PRAGUE (Sep. 30)
Czech Jewish leaders are backing a public service campaign that aims to ridicule neo-Nazis and convince the public not to be indifferent to skinheads’ activities.
The campaign, which is being supported by a range of state and nongovernmental agencies, shows skinheads giving Nazi salutes and includes the slogan, “Be Kind to Your Local Nazi.”
The campaign — which some have found confusing — is being beamed into millions of Czech homes and posted on billboards across the country.
The television ad, which was designed by a German advertising agency, shows skinheads facing a series of embarrassing situations.
In one scene, a skinhead loses his arm when the doors of an elevator close as he salutes. In another, a man is thrown out of a bar for knocking over beer glasses with his arm. In yet another scene, two skinheads use their outstretched arms to hold up a clothesline for a housewife.
Czech Jewish representatives backed the campaign, saying they believed it is important to raise public awareness at a time of increased neo-Nazi activities in the country.
Tomas Jelinek, chairman of Prague’s Jewish Community, said a controversial campaign was an effective way to approach the issue.
“A politically correct advertising campaign would be OK, but what is needed is something that wakes people up and alerts them to what is going on,” he said. “It is too early, however, to say yet what the result of all this will be.”
“I am quite supportive of the campaign, particularly on television,” said Tomas Kraus, executive director of the Czech Federation of Jewish Communities. “I think it succeeds in ridiculing those who behave in a racist way.”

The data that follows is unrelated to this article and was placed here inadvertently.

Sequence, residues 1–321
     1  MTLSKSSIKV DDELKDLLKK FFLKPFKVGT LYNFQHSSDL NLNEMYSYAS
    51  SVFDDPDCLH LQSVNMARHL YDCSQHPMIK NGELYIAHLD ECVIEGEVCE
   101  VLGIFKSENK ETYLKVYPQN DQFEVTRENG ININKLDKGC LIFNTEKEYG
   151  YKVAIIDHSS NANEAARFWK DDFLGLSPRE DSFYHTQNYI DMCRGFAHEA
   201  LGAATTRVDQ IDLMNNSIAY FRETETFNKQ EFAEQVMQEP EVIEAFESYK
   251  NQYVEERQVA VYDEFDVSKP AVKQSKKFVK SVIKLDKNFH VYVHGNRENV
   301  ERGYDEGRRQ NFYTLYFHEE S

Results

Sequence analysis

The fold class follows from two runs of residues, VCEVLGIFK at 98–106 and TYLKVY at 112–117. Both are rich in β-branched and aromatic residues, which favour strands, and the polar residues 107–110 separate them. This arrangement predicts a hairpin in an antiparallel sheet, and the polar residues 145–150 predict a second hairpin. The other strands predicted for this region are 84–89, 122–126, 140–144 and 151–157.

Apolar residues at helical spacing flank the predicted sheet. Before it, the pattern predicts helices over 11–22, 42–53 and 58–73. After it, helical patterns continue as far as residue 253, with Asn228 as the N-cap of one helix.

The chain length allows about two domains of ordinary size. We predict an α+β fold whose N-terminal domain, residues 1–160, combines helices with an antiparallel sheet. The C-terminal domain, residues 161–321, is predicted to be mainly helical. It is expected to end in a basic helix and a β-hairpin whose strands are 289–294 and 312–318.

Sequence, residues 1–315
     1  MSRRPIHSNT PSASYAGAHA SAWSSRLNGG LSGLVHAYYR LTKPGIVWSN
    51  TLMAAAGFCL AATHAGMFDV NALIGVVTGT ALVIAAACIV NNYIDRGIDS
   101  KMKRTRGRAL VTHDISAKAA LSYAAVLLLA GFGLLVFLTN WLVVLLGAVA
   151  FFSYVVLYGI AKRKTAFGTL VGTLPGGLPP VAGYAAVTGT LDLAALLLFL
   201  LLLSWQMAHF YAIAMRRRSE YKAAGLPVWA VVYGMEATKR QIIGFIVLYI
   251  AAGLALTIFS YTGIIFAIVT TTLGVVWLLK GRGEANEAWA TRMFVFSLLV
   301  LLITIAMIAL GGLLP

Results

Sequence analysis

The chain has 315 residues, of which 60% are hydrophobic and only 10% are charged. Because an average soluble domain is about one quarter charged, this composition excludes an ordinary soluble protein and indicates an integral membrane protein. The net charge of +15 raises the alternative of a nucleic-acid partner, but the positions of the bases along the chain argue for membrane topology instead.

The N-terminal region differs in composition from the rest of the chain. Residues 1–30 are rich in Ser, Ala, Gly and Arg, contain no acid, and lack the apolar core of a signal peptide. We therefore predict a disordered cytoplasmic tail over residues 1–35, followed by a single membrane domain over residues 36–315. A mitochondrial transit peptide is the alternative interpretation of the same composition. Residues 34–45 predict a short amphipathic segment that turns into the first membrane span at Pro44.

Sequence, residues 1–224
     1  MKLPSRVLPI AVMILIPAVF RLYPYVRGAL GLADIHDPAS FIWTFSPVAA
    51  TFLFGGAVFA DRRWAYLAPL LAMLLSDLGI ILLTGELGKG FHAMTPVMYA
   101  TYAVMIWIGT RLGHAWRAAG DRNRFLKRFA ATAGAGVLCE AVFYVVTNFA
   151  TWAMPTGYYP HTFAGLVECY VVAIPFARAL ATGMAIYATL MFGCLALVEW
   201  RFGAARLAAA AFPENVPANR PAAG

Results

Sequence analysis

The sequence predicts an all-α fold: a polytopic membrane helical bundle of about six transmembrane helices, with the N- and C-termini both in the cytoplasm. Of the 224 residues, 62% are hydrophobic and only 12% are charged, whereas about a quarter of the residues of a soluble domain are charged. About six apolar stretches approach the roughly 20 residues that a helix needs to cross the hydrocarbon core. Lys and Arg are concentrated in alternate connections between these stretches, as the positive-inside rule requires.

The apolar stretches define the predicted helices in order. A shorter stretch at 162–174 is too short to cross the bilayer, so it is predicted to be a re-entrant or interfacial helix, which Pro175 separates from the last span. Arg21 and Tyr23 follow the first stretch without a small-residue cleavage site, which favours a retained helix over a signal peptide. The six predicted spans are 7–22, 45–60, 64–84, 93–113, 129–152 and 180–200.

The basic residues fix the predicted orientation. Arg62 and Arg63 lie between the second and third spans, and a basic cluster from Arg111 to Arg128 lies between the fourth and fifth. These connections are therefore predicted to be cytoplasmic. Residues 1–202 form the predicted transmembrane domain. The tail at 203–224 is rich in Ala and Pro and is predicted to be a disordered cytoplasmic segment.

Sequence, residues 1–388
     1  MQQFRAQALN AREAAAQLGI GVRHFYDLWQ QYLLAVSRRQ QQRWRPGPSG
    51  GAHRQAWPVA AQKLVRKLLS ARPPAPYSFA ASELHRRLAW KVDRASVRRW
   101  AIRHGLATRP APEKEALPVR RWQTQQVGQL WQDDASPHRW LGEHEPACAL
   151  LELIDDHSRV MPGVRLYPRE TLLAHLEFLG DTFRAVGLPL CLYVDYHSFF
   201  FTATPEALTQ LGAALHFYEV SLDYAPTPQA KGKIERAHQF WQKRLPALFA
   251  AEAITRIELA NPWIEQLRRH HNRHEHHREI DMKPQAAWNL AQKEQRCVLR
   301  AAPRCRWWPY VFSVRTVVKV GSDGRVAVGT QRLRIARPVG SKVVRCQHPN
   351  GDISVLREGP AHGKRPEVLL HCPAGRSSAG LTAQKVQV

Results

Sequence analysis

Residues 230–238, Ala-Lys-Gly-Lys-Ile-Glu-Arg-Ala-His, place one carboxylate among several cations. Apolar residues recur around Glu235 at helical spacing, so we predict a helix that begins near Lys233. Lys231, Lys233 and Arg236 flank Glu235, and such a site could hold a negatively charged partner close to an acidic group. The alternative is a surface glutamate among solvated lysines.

Kraus did note, however, that the billboard slogan could be taken out of context by foreigners or those who had not watched the full television advertisement.
Tourists on the Prague subway system appeared confused by the poster campaign.
“When I first saw it, I actually thought it was an advert made by the neo-Nazis themselves,” said tourist Jon Einarsson from Iceland.
The advertising community is also split on the comic nature of the advertising campaign.
While one senior advertising executive described it as a great campaign, others are less sure.
Said Pavel Brabec, president of the Association of Czech Advertising and Agencies, “I am not keen on the presentation of evil as something silly. Fascism, neo-Nazism and communism are not doctrines that are influenced by silly people.”
The advertising campaign, which will run until the end of the year, has already drawn criticism from right-wing groups.
The Czech far-right Republican Party has filed a criminal complaint against the campaign’s organizers, accusing them of scare-mongering.